The Balkans, again. There this century's fuse first sputtered, leading, in 1914, to the explosion that blew to smithereens the Hapsburg, Romanov and Ottoman empires. In 1992, from Sarajevo to Iraq to central Asia, the world is still struggling with the still-smoldering debris of those empires, which died in the aftermath of pistol shots in Sarajevo 78 summers ago. Is it still true that, as was then said, the Balkans produce more history than they can consume locally? That depends on whether other nations decide to regard Bosnia's bleeding as of merely local importance. ...
  • Oh, Melancholy Conservatives!

    Americans always believe it would be an improvement if their politicians had only feet of clay. But not even this year's dyspeptic electorate finds all politicians equally aggravating. Bill Clinton, a politician of honeyed words and placid aspect, is irritating to the Bush campaign because he does not irritate. At least he does not have a prickly personality or a sharp ideological edge that makes him frightening to many people. This vexes Bush's people because their aim is to "Goldwaterize" Clinton. ...
  • Labels Do Matter

    Is Bill Clinton our Henry of Navarre (1553-1610)? Henry, King of France, was raised a Protestant but twice embraced Catholicism for political reasons, once with words that could be the credo of many a politician: "Paris is well worth a mass."Is Clinton a chastened, converted liberal? Or does he just believe the White House is worth a moderate speech? Republicans will say his acceptance speech, sounding themes of entrepreneurship and responsibility, was mere trimming for tactical purposes. That is not a frivolous suspicion about a man who entered polities in the service of George McGovern and who was nominated by a convention composed of delegates more liberal than even most Democrats.Dukakis learned what happens to a Democratic nominee who runs from the liberal label. When he told the 1988 convention that the election would be about "competence," not "ideology," Republicans pounced. Clearly Dukakis himself thought that his liberalism was a handicap. There is a striking difference...
  • The Dumpling Also Rises

    No one now mistakes George Bush for Old King Cole. A merry old soul he is not. He is trying to become the fourth president since the Second World War, the 6th in this century and the 15th in history to win a second election. Second terms often are troubled. However, if Bush wins one, the nation will be immunized against disappointment because he will be unencumbered by great or even minuscule expectations. Has America ever inaugurated a president already considered a proven failure? That could happen next Jan. 20. ...
  • The Veep And The Blatherskite

    The more thoughtful half of the Bush-Quayle team has recently been brimming over with thoughts, two of which merit more amplification than he gave them. Quayle says Perot "has contempt for the Constitution." And Quayle says the election of Perot would deepen the problem of "the deadlock between the elected branches" of the government. "So let us return to the tried and true. Let us elect a President-Republican or Democrat-and give him a Congress that responds to presidential leadership." ...
  • The Barefoot Billionaire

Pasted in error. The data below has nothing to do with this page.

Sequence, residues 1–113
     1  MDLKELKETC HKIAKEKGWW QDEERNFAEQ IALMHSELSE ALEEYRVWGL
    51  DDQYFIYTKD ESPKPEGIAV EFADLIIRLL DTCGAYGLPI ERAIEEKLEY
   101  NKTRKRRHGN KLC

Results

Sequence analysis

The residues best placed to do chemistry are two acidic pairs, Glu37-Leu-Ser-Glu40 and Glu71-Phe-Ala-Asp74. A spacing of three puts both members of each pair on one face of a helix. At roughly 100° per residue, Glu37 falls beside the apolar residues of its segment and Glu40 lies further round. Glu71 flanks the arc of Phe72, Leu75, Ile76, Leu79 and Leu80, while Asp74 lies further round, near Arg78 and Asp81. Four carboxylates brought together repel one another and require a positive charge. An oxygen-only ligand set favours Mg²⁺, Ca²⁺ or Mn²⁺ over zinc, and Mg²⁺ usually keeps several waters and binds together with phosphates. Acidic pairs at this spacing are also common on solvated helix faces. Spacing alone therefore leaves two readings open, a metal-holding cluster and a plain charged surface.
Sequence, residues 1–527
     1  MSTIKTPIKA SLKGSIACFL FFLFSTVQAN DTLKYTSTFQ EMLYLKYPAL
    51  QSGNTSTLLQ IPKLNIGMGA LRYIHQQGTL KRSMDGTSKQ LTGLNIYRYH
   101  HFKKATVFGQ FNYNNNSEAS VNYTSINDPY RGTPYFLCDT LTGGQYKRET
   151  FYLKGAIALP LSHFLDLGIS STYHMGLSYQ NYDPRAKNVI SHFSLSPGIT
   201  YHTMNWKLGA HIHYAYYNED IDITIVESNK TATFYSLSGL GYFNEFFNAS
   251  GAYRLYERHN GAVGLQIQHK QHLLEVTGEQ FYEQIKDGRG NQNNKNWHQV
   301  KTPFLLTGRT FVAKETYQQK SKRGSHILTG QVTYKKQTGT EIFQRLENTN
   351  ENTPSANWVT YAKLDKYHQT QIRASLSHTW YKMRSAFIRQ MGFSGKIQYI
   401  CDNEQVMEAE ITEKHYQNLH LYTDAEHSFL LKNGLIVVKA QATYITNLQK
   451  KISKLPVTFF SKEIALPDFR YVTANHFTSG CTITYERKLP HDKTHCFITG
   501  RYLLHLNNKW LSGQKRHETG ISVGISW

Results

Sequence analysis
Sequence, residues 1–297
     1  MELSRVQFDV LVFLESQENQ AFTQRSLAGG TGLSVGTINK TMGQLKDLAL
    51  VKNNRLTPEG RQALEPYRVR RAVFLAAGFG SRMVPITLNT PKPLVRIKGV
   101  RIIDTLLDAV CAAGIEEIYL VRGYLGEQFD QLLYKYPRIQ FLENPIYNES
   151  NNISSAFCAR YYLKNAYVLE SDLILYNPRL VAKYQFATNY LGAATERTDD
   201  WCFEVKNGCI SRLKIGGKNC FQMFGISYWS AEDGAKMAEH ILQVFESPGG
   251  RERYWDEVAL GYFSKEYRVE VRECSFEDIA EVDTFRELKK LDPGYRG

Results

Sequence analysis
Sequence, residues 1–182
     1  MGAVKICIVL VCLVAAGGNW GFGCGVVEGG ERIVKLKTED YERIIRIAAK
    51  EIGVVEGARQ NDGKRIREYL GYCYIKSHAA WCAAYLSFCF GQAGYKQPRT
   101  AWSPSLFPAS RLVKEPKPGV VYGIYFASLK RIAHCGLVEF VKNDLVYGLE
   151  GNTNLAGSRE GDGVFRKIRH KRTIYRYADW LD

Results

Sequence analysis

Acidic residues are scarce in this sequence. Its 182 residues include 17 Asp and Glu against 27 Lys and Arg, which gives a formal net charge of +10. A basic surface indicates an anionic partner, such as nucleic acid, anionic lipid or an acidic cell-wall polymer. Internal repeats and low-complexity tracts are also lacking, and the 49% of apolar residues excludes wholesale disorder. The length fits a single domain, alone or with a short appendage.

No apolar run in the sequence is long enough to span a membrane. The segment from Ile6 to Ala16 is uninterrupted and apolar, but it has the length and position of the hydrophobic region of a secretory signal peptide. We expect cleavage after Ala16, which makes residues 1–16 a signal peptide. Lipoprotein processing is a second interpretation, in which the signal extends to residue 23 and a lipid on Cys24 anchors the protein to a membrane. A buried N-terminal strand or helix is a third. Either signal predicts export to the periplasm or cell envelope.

Who, besides Bill Clinton and George Bush, is responsible for Ross Perot's remarkable political rise? Owen Wister is. Ninety years ago this week he published a novel, "The Virginian." It pioneered a literary genre, the Western; it invented the cowboy of popular imagination, and it defined a region, the West, as a repository of American yearnings and regrets. ...
  • 'Shadow World'

    Popular fiction can popularize ideas, so Michael Crichton's best-selling "Rising Sun" is dismaying as a symptom and reprehensible as an act. It is a crime novel well stocked with murder and other mayhem-or, as Crichton says, other Japanese business practices. It overflows with anti-Japanese passion, a peculiar blend of fear and loathing and admiration. ...
  • That Man On Horseback

    Ross Perot is saddled up and raring to ride to the nation's rescue-but only if the country says " pretty please" on the 100 phone lines he has installed, so reluctant is he. Any independent candidate begins by benefiting from a brute fact: when the presidential choice for 100 million voters narrows to just two candidates, many millions think a third choice would be nice. The last significant independent candidacy was John Anderson's in 1980, and it was not very significant. At one point polls put him above 20 percent, but by Election Day that had melted to 6.6 percent and zero electoral votes. Anderson was political Evian water, an elite affectation. He had neither a sizzling personality like Teddy Roosevelt's, nor an agenda neglected by the major parties as Bob LaFollette had, nor a regional base like Strom Thurmond's and George Wallace's. ...
  • The Keepers Of The Rules

    OVERLAND PARK, KANS.-One of the battery of physical therapists who put Steve Palermo through an average of five hours of pain, five days a week, says he is the first patient she has had who, looking back on the episode that broke his body, insists he would do it again. Of course he would. He was just enforcing the rules. He is, after all, an umpire. ...
  • 'Whatever It Takes'

    Jesse Jackson was rapping away the other day, cataloging the shortcomings of the candidates, listing all the downtrodden constituencies that are not being sufficiently loved. When his litany reached "our forsaken farmers," the 1992 campaign reached the level of cabaret. ...